The federal liberals are committing $1.2 billion towards Jordan’s Principle over the next three years.
The money is included in the overall budget of $4.5 billion over five years for what the federal government is calling “advancing reconciliation,” for First Nation, Metis and Inuit peoples.
“I think that’s an important piece, to make sure children and families receive the supports that they deserved for so long,” said Cindy Blackstock, executive director of the First Nations Child and Family Caring Society.
“So that’s positive but, it doesn’t include funding for children who will become eligible under S-3, or any kind of population growth.”
Children registered under Indian Status are generally classified as having S-1 or S-2 status – meaning one or both parents have Indian Status. For children where neither parent is registered under S-1 or S-2 can apply for S-3status, given relevant evidence to their ancestry. This for example would include consideration of an applicant’s grandparent, relative or parent who lost status through marriage.
Jordan’s Principle works with S-3 applicants – but the federal budget did not outline funding for S-3 children.
“So we need to see where that goes, but at least there’s money in the budget for Jordan’s Principle,” said Blackstock.
There is not money in the 2019 budget for Bill C-92 – the proposed child welfare legislation that aims to keep First Nation, Metis and Inuit families together. The bill proposes a transfer of full or partial jurisdiction to Indigenous communities over child and family welfare services.
But Ottawa did put $1.4 billion into a pot for the child welfare system in the 2018 budget.
Perry Bellegarde, the national chief of the Assembly of First Nations (AFN) is eager to get the child welfare legislation, and Bill C-91, the Indigenous Languages Act passed before the house of commons rises for the summer.
“I’m more concerned now that June is fast approaching, we need to get those two very important pieces of legislation royal assent,” said Bellegarde.
This is also a concern for Cindy Blackstock – the missing budget outline for Bill C-92.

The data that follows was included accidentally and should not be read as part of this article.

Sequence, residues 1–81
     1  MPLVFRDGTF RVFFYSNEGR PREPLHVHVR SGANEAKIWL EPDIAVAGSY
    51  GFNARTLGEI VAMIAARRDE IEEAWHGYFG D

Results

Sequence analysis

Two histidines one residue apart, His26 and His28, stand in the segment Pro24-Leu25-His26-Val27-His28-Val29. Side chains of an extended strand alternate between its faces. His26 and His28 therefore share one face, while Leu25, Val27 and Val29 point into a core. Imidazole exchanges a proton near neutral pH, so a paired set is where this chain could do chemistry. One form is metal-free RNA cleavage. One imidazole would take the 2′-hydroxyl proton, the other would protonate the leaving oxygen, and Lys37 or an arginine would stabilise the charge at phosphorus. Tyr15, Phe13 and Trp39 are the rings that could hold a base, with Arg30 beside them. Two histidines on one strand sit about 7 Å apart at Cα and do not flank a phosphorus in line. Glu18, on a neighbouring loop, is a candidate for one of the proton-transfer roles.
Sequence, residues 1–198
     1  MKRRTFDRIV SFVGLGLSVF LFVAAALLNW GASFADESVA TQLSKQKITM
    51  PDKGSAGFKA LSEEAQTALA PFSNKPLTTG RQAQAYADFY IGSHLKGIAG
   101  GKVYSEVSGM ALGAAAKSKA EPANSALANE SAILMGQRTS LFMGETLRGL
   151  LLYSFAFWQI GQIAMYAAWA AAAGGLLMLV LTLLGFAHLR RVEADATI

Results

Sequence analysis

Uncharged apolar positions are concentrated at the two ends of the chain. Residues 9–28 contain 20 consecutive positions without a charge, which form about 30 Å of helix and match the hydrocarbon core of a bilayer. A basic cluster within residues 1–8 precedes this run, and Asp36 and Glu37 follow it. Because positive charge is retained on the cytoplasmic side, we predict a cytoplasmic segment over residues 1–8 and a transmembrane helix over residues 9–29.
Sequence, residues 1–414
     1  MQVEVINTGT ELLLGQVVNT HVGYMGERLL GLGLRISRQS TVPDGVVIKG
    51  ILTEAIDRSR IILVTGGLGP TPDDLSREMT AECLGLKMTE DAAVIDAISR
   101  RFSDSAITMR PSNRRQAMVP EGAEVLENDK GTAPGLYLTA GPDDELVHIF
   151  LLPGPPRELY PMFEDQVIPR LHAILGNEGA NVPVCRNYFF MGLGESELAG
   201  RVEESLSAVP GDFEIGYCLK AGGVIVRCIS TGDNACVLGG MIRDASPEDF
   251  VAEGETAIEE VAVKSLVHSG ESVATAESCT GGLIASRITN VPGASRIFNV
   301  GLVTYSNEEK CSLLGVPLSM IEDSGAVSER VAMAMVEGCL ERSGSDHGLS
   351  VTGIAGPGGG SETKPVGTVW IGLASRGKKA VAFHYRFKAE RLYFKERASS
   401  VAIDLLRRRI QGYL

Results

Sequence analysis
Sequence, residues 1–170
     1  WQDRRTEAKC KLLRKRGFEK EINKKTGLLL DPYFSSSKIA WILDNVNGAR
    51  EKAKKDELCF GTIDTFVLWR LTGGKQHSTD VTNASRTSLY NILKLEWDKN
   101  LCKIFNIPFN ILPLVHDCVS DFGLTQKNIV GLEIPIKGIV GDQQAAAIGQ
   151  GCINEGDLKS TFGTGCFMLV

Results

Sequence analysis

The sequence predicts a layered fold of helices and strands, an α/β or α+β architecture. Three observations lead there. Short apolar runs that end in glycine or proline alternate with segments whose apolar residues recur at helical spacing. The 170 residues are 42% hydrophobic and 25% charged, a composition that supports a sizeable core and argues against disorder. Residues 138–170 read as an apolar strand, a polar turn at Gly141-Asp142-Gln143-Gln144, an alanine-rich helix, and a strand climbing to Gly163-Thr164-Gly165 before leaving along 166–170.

“There’s nothing in there to develop First Nation, Metis or Inuit laws or institutions to enable Bill C-92.
“So that’s still a major issue that needs to be resolved and we don’t have a lot of time to resolve it if this bill is going to be passed before the summer,” said Blackstock.
Not all chiefs are in favour of passing the child welfare legislation.
“The Bill does not meet our peoples and Nations standard to break the cycle and is not in the best interest of First Nation’s children,” said Chief Craig Mackinaw of the Ermineskin Cree Nation.
“Canada committed to recognize the control of child welfare services to First Nations and this has not been achieved.”
Bellegarde said he wants C-92 passed before the federal election in October.
$220 million will be allocated specifically for the needs of Inuit Children.
The government of Nunavut still needs to see how the money will be implemented.
“Most of the money announced today does not come directly to the territory. The GN remains cautious, as Nunavut’s service provider, on how we will be able to successfully deliver the services and programs to benefit Nunavummiut,” said Nunavut Finance Minister George Hickes.
“I am pleased to see support for an addictions treatment centre,” said Hickes. “We were expecting more around housing and telecommunications, especially given our longstanding infrastructure deficit. The lack of Nunavut-specific measures is disappointing, and remains critical in successful nation-building.”
The Nishinawbe Aski Nation which represents 49 communities in northern Ontario wants to see more details.
“This budget makes significant commitments to improve access to affordable housing for millennials and the middle class but is lacking in specifics for NAN First Nations. Budget 2019 promises investments to Indigenous Services Canada to improve health, education but does not provide detail on how these services will be delivered in our communities,” said Grand Chief Alvin Fiddler.